•A solvent such as water moving across an epithelium by osmosis can drag dissolved solutes with it


Glucose and Aminoacids Reabsorption:

•Filtered glucose & amino acids are normally 100% reabsorbed from filtrate

–Occurs in PCT (proximal convoluted tubules)  by carrier-mediated cotransport with Na+

•Transporter displays saturation if ligand concentration in filtrate is too high

–Level needed to saturate carriers & achieve maximum transport rate is transport maximum (Tm)

–Glucose & amino acid transporters don't saturate under normal conditions


Significance of PCT Reabsorption:

•≈65% Na+, Cl-, & H20 is reabsorbed in PCT & returned to bloodstream

•An additional 20% is reabsorbed in descending limb of the loop of Henle

•Thus 85% of filtered H20 & salt are reabsorbed early in tubule

–This is constant & independent of hydration levels

–Energy cost is 6% of calories consumed at rest

–The remaining 15% is reabsorbed variably, depending on level of hydration


Loop Of Henle

Descending Limb:

•Is permeable to H20

•Is impermeable to salt

•Because deep regions of medulla are 1400
mOsm, H20 diffuses out of filtrate until it equilibrates with interstitial fluid

–This H20 is reabsorbed by capillaries


Ascending Limb:

•Has a thin segment in depths of medulla & thick part toward cortex

•Impermeable to H20

•Permeable to salt

•Thick part ATs salt out of filtrate

–AT of salt causes filtrate to become dilute (100
mOsm) by end of LH


Active transport in ascending limb:

•NaCl is actively extruded from thick ascending limb into interstitial fluid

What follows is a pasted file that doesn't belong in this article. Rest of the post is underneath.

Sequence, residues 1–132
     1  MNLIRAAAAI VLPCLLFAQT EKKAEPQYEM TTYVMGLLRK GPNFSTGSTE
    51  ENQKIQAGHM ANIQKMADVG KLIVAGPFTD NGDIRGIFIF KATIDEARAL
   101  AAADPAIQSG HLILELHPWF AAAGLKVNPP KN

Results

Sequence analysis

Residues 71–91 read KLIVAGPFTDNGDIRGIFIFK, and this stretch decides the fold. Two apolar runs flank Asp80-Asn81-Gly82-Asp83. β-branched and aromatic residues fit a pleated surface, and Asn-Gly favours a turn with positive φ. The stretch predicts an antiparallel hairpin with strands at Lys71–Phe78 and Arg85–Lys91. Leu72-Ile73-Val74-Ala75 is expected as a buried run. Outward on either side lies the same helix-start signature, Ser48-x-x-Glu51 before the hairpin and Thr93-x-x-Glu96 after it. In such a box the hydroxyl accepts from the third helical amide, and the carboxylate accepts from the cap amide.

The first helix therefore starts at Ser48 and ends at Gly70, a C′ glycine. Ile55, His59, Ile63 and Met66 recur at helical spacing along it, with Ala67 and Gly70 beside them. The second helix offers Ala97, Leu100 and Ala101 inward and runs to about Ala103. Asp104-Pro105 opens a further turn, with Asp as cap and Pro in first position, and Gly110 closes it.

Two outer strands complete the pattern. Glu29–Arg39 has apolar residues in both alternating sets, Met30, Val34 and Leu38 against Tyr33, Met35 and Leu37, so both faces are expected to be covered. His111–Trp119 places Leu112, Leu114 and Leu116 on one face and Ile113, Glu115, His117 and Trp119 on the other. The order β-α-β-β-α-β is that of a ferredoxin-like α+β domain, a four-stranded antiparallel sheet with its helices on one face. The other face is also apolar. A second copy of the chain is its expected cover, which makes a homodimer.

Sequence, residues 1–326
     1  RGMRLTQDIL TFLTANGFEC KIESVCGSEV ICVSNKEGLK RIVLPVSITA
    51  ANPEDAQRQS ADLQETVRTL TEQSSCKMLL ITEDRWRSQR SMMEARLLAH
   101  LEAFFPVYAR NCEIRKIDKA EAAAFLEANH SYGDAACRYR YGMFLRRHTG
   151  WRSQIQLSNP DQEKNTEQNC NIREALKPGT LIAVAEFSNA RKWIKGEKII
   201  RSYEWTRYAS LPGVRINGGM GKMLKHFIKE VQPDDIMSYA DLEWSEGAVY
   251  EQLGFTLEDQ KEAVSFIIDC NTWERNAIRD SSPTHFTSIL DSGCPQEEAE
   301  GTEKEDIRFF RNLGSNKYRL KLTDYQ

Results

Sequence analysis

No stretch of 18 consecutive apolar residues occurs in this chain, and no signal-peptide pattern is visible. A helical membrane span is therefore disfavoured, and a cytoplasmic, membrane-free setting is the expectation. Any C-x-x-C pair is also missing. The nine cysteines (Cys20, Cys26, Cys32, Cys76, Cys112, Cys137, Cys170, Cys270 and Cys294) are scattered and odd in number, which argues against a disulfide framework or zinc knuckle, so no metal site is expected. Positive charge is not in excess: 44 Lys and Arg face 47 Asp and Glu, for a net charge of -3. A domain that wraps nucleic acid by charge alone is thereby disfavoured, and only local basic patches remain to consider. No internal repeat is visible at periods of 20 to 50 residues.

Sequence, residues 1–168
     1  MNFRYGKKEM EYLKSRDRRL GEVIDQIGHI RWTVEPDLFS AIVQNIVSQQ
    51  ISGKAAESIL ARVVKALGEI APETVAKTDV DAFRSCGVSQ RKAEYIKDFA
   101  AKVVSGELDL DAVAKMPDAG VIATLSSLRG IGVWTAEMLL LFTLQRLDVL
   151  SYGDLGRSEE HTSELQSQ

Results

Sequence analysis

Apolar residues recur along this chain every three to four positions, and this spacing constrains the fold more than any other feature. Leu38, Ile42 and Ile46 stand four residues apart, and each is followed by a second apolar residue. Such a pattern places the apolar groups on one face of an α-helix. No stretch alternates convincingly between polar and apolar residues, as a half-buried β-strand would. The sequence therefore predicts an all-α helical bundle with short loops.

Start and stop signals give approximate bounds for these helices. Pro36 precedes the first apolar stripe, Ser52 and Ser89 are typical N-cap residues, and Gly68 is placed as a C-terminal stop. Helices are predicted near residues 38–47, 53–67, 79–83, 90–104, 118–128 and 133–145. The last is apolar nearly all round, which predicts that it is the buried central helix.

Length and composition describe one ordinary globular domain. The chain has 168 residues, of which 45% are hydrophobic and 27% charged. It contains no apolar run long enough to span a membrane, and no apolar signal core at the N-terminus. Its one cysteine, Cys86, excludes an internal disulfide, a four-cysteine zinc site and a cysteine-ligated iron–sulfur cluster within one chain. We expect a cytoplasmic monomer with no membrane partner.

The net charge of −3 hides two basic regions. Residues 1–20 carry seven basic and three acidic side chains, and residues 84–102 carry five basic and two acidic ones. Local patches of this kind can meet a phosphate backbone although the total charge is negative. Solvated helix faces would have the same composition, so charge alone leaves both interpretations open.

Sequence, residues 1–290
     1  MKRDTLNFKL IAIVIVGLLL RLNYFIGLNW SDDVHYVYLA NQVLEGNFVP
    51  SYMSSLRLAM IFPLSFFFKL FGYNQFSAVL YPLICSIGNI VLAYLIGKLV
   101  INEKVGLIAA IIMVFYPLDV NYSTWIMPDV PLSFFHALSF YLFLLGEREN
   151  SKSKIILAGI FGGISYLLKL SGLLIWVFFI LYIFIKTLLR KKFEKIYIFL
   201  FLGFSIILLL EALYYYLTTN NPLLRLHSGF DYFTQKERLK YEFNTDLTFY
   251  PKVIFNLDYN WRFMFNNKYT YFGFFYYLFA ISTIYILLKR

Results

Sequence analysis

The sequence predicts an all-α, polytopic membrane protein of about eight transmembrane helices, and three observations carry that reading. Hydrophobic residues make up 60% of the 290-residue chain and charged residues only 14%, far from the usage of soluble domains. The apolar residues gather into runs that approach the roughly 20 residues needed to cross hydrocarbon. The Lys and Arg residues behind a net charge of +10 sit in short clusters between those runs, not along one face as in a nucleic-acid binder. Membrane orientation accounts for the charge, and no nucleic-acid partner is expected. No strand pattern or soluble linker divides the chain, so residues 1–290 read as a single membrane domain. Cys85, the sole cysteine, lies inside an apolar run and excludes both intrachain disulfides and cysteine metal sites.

•Na+ diffuses into tubular cell with secondary active transport of K+ and Cl-


Counter Current Multiplier:

•Countercurrent flow & proximity allow descending & ascending limbs of LH to interact in way that causes osmolarity to build in medulla

•Salt pumping in thick ascending part raises osmolarity around descending limb, causing more H20 to diffuse out of filtrate

–This raises osmolarity of filtrate in descending limb which causes more concentrated filtrate to be delivered to ascending limb

–As this concentrated filtrate is subjected to Active transport of salts, it causes even higher osmolarity around descending limb (positive feedback)

–Process repeats until equilibrium is reached when osmolarity of medulla is 1400


Vasa Recta:

•Is important component of countercurrent multiplier

•Permeable to salt, H20 (via aquaporins), & urea

•Recirculates salt, trapping some in medulla interstitial fluid

•Reabsorbs H20 coming out of descending limb

•Descending section has urea transporters

•Ascending section has fenestrated capillaries



Collecting Ducts:

•Plays important role in water conservation

•Is impermeable to salt in medulla

•Permeability to H20 depends on levels of ADH


ADH ( Anti Diuretic Hormone )

•Is secreted by posterior pituitary in response to dehydration

•Stimulates insertion of aquaporins (water channels) into plasma membrane of CD

•When ADH is high, H20 is drawn out of CD by high osmolality of interstitial fluid

–& reabsorbed by vasa recta



Formation Of Concentrated Urine:

•ADH-dependent water reabsorption is called facultative water reabsorption

•ADH is the signal to produce concentrated urine

•ADH stimulates formation of aquaporins in membrane of tubule cells. Increases water reabsorption from filtrate

•The kidneys’ ability to respond depends upon the high medullary osmotic gradient